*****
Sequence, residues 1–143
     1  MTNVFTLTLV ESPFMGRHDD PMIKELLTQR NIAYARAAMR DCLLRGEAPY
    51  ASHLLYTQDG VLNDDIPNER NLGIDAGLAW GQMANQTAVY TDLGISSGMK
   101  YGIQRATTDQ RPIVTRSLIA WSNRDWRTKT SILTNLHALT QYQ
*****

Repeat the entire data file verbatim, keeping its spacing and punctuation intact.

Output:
Sequence, residues 1–143
     1  MTNVFTLTLV ESPFMGRHDD PMIKELLTQR NIAYARAAMR DCLLRGEAPY
    51  ASHLLYTQDG VLNDDIPNER NLGIDAGLAW GQMANQTAVY TDLGISSGMK
   101  YGIQRATTDQ RPIVTRSLIA WSNRDWRTKT SILTNLHALT QYQ